The god of prophecy has also always been looked up to as the protector of flocks and colonists.  Paul is exiled from Arrakeen, Arrakis’s principal city, when his father is killed by a rival House.  Although by rights he should ascend to the throne as Duke of the House of Atreides, he must flee into the inhospitable deserts and live among the nomadic Fremen whom he guides and counsels until their eventual reclamation of Arrakis.  By becoming the leader of these less civilized peoples he satisfies his role as protector of flocks and, arguably, is serving those below him, much the same way Apollo was punished for killing Python at Delphi by being ordered to serve the mortal king Admetus as a cowherd for several years.  After Apollo serves Admetus, he is allowed to return to Olympus, just as Paul is reinstated as Duke and eventually becomes Emperor of the Universe.  It was also Paul who came up with the scheme to remove the impenetrable Shield Wall that surrounded Arrakeen, guiding atomic weapons into the otherwise invulnerable wall, thereby assisting the incumbent Fremen in their assault against the invading offworlders.  This situation is reflected in Homer’s Iliad, where it is Apollo who guides Paris’s arrow into the heel of the near-invincible Achilles, a serious blow in favor of the Trojans against the Achaeans.
It was a custom of the Fremen people to learn, as a coming-of-age ritual, to ride the massive sandworms that inhabited the Arrakeen deserts by grappling the worm’s ring segments with a long hook, exposing the worm’s sensitive flesh to the elements, forcing them to stay above the sand.  The Fremen riders could then dictate direction by harassing certain segments and use the worms to travel vast distances across the desert.  This practice was solely utilized by the Fremen until Paul Atreides, as an outsider, attempted and succeeded in conquering the sandworm riding skill.  Paul Atreides’ triumph over the sandworm was reminiscent of the Apollo’s vanquishing of Python, the earth-serpent of Delphi who was attacking Letona.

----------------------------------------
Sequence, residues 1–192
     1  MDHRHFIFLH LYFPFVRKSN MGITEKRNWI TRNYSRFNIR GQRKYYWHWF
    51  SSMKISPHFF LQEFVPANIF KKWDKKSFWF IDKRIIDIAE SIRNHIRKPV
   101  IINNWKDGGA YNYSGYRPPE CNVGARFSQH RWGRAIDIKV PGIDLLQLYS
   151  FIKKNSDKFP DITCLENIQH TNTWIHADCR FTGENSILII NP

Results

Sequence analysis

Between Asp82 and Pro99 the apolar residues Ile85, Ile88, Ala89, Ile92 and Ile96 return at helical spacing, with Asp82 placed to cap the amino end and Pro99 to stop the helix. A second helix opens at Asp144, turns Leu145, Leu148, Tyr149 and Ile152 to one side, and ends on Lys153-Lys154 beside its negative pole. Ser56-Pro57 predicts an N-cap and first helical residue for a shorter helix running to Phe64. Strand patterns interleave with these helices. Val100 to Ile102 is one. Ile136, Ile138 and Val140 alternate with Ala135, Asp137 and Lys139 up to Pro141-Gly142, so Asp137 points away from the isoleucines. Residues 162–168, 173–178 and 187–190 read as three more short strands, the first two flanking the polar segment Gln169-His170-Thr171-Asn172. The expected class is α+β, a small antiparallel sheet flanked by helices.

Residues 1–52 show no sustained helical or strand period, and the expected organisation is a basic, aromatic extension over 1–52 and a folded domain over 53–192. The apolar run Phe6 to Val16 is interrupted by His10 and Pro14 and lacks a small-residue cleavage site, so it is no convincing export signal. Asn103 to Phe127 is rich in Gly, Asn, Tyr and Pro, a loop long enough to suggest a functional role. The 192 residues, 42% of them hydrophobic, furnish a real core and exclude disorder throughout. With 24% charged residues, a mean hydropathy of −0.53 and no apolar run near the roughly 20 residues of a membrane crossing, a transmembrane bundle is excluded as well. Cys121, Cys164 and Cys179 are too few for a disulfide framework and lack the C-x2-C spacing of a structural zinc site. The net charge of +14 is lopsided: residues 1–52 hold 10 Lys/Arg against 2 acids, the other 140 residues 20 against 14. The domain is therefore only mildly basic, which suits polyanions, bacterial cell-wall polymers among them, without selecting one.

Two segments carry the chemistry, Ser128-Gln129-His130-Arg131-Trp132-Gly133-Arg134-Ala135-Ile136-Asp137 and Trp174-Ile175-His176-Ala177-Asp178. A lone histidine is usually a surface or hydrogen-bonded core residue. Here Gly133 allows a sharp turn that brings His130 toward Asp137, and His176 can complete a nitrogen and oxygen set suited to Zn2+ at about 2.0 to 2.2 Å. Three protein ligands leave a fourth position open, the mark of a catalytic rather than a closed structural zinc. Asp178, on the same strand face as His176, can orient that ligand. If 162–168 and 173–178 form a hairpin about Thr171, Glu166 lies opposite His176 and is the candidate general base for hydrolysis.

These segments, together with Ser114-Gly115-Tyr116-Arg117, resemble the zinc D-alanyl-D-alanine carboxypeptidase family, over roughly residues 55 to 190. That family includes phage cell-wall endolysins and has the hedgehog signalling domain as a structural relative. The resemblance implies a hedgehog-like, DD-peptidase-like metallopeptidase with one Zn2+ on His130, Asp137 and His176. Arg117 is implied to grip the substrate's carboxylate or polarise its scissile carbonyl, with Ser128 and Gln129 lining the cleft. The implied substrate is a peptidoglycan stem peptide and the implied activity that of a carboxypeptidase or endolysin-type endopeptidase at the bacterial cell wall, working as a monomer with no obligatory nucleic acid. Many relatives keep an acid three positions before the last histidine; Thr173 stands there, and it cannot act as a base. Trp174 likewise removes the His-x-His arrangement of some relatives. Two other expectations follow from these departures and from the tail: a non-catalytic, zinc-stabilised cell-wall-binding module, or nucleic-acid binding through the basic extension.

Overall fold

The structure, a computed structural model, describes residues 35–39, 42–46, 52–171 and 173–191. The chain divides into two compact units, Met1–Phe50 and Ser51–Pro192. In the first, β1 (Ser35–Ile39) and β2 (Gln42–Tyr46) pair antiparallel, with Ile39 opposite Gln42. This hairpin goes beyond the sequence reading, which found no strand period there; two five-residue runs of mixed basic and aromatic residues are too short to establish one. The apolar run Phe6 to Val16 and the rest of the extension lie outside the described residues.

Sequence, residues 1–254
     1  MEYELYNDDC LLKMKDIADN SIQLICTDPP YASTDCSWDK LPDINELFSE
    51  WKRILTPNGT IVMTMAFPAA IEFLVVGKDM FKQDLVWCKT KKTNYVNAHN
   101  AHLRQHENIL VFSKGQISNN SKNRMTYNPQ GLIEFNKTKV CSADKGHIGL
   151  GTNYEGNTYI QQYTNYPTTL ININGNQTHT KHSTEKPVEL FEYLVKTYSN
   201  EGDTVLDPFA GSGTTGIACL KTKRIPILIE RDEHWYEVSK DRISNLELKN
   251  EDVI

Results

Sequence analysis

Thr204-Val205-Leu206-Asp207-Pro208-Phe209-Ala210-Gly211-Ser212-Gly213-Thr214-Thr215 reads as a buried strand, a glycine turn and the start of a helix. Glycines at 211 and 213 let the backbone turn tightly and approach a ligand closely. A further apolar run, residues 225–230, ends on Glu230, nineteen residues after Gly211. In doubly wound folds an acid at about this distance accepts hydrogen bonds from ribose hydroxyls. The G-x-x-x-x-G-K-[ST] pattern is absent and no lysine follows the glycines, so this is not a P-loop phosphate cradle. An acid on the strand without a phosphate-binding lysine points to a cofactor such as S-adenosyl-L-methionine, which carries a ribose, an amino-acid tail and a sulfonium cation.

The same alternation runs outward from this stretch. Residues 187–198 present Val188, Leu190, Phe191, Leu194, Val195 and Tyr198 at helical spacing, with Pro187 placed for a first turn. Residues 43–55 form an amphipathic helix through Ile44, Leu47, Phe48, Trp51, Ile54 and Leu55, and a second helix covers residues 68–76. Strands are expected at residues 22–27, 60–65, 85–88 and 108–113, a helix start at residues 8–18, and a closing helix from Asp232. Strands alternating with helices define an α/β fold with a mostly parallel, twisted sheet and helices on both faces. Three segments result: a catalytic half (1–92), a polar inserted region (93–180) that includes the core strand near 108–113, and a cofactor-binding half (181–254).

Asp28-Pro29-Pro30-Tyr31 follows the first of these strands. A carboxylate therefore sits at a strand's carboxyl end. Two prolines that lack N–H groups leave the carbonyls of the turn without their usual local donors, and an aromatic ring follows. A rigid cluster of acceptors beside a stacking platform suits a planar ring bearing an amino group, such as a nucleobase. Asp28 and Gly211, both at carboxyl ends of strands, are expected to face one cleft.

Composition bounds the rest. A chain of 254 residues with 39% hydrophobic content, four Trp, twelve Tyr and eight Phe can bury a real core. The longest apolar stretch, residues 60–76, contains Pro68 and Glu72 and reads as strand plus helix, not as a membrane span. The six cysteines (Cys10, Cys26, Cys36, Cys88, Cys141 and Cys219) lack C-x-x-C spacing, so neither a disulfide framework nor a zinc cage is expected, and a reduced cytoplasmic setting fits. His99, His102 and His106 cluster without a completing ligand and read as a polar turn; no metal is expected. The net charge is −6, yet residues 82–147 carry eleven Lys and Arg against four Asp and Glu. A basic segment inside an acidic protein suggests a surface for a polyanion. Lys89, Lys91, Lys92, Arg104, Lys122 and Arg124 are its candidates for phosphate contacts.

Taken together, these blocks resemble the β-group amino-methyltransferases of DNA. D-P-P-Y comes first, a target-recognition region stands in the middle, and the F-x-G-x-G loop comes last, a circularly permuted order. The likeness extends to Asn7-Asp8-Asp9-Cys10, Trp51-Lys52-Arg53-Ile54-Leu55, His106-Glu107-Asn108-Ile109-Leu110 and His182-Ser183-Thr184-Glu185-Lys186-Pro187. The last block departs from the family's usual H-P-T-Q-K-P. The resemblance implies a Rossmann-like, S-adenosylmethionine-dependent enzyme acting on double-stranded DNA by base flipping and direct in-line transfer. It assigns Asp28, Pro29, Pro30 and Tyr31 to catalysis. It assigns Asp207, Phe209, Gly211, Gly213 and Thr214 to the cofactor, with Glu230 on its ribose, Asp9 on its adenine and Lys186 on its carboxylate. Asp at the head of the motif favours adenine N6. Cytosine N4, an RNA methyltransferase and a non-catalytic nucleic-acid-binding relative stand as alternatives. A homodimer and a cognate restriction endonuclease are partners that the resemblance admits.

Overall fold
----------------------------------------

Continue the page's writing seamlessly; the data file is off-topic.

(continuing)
Gurney Halleck playing baliset
As the god of music, Apollo oftentimes had with him his favorite instrument, the lyre he was given by Hermes.  The lyre comes up fairly often in association with Apollo, it being the instrument used to defeat King Midas in musical contest being the most well known instance.  Paul Atreides, on the other hand, was an admirer of the baliset, which, according the appendix of Dune, is a "nine-stringed musical instrument, lineal descendant of the zithra [or zither].”  The lyre is likewise a derivative of the zither and both the lyre and baliset are stringed instruments played using a plectrum.  Paul gained a great appreciation and skill for the baliset from his music instructor, Gurney Halleck, and when perusing the equipment that lay with Jamis, a man he defeated in a duel, Paul chose Jamis’s baliset to be his own, carrying it with him for the rest of the story and often playing ditties to calm or entertain himself and those around him.
Paul’s sister, Alia, in many ways is like the Greek Artemis or Roman Diana.  Artemis was sister of Apollo the other child of Zeus and Letona.  As Goddess of the Hunt, she was often associated with hawks, the hawk also being the symbol of Dune’s House of Atreides.  Although Alia is but a child in the novel, she acts as if an adult, so it would be fair to say her lack of romantic interest was at least partially by her own design, thereby drawing another connection between her and the virgin goddess Artemis.
According to legend, immediately after exiting Letona’s womb Artemis assisted her mother in the delivery of Apollo.  Alia Atreides took this to the next level and actually became conscious in her mother’s womb and upon exiting could speak and articulate her thoughts perfectly.  Alia was born and raised in exile, hidden within the barren deserts of Arrakis.  She grew up in the wilderness, became acquainted with it and comfortable in its confines.  She was as content in the outlands of Arrakis as Artemis, Goddess of the Wilds, might have been in a similar situation.
If Herbert’s intention was to emulate in his work characters of such importance that they have existed for thousands of years, then he succeeded in Leto, Alia, and especially Paul.  It may be, however, that Herbert had no thoughts whatsoever about masking mythological entities behind children who inhabit another universe in a science fiction novel, that it was entirely by accident.  This case would wonderfully exhibit the universality of the ancient figures and their staying power against time itself.  If we are aware of the old, original stories we can better appreciate their modern camouflage and acquire from them a deeper, more thorough understanding and consciousness of how they penetrate our everyday lives.